The Alabama Senate will vote later today on a budget that slashes $200 million from Alabama’s state agency funding. Governor Bentley calls that budget unworkable and unacceptable. Senate President Pro Tem Del Marsh says Republican senators remain largely opposed to any tax increases.

Alabama State House
Jay Williams / Flickr

The Alabama State Senate and House of Representatives began their special legislative session yesterday, then quickly adjourned for three weeks.

Governor Robert Bentley had surprised lawmakers who were expecting the session to begin in August by calling it on just a few days’ notice. The session is necessary after lawmakers failed to pass a General Fund budget for the fiscal year beginning in October.

Deontay Wilder
Brynn Anderson / Associated Press

Alabama lawmakers just finished their first legislative session under a new pay structure that gives them a salary equal to the median household income in the state

Voters approved the change in 2012 with the prediction that it would save the state money and would be a fairer way to set legislators’ pay.

However, Alabama Senate numbers show that, so far, the new system costs about the same. The legislator who sponsored the idea said it is premature to judge.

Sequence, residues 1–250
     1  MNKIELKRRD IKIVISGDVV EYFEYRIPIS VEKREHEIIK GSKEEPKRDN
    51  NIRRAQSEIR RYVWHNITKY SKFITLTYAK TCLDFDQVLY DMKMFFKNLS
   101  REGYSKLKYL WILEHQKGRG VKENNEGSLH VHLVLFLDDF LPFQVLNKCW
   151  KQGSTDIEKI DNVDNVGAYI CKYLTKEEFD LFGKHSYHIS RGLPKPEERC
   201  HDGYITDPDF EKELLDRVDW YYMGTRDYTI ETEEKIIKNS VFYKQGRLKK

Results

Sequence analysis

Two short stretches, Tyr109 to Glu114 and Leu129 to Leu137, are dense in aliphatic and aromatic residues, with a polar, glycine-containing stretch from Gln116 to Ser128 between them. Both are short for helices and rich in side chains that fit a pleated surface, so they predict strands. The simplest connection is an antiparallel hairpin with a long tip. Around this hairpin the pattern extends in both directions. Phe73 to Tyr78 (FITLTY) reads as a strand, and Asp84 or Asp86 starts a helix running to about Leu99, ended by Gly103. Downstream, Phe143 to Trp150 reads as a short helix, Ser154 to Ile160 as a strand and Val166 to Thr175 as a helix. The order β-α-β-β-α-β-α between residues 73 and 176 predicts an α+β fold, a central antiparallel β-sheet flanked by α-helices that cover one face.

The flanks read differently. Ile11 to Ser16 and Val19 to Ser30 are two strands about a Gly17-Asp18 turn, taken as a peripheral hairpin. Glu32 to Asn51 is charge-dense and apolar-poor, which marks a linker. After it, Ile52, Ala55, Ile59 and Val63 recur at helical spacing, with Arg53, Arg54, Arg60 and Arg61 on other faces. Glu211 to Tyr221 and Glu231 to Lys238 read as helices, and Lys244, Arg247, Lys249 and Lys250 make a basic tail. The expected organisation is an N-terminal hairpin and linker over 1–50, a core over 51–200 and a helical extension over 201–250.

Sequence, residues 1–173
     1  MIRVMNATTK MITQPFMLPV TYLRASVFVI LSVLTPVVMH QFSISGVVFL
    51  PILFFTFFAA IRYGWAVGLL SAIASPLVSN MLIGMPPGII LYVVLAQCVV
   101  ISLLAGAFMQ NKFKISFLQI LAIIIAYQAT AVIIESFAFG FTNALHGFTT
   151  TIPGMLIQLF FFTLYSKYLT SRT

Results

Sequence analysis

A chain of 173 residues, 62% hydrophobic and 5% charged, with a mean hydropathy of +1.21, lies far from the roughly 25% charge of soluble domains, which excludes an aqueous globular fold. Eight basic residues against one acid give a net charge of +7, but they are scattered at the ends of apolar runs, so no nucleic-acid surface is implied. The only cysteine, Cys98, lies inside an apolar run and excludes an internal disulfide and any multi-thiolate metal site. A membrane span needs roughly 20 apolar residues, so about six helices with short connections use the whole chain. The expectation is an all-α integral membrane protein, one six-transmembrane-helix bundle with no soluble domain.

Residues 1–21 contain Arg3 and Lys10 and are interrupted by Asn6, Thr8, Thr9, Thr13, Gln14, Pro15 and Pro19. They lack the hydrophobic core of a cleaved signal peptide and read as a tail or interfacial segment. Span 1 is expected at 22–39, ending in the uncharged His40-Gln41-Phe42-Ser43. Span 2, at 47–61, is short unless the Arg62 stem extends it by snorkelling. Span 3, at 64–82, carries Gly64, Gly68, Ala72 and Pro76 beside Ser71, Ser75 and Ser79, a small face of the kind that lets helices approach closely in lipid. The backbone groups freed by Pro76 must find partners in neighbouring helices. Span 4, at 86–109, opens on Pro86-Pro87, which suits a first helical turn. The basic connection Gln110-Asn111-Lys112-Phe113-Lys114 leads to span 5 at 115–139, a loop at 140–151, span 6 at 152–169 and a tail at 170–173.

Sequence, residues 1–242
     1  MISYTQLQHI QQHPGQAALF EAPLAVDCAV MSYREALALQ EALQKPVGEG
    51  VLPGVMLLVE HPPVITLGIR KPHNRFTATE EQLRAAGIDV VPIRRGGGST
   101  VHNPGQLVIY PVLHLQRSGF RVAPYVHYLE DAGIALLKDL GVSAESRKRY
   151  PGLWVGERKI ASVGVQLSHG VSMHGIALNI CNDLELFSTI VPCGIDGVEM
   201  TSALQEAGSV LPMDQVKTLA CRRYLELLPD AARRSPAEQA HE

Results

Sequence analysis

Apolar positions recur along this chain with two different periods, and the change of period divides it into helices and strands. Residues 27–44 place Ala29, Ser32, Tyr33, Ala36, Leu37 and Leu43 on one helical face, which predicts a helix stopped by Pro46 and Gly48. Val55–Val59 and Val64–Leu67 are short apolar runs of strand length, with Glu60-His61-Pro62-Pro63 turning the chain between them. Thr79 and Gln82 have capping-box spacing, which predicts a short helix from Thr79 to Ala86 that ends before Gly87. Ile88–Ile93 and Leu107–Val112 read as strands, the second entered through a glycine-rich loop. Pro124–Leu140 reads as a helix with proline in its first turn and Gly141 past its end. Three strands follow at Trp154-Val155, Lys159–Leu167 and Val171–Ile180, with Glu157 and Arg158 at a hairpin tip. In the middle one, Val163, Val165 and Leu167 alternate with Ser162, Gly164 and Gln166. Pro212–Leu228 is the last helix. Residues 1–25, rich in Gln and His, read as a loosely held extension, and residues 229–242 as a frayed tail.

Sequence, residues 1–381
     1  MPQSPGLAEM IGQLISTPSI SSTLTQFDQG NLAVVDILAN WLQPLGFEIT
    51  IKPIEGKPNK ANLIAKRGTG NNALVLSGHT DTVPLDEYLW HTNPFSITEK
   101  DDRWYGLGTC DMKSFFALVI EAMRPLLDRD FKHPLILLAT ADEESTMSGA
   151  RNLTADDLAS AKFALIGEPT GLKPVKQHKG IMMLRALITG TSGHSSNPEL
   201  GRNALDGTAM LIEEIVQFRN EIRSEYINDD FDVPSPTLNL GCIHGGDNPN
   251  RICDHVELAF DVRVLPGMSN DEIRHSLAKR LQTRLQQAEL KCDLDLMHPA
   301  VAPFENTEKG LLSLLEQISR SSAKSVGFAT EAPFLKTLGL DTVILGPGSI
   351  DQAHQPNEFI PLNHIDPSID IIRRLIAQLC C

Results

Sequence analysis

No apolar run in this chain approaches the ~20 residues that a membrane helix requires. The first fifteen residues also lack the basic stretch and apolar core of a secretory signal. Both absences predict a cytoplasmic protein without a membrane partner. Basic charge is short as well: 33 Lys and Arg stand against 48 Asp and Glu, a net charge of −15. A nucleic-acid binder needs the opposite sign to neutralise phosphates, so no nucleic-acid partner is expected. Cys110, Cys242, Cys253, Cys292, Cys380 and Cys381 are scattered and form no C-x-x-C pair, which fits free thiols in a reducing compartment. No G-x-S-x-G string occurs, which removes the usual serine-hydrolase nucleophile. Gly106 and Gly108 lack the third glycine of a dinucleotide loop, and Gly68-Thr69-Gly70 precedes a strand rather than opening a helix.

The Alabama Senate is headed to a budget vote as they wrap up a session marred by frustrations and disagreements over a hole-filled general fund.

Senators are expected to vote this after  on a budget that includes significant cuts to state agencies. Lawmakers failed to reach an agreement this session on revenue.

Democratic Senator Bobby Singleton says Republican legislators should be ashamed of the budget.

Alabama legislators are desperate to end a legislative session marked by frustration and disagreements over how to handle a gaping hole in the state's General Fund budget.

The Alabama Senate will vote today on a General Fund budget expected to include significant cuts after lawmakers failed to reach an agreement on new taxes or moving revenue from the state's education budget.

Senate President Pro Tem Del Marsh says a special session to try and patch some of those budget holes is looming.

Alabama’s Senate could be debating allowing medical marijuana in the state soon, since a Senate committee approved a comprehensive medical marijuana bill yesterday.

The Senate Judiciary Committee voted 4 to 3 to pass the measure. The bill was likely able to pass committee because three Republican senators failed to attend the meeting.

The legislation, if passed, would allow patients who suffer from 25 specific conditions to purchase a maximum of ten ounces of medical marijuana per month from a state-regulated dispensary.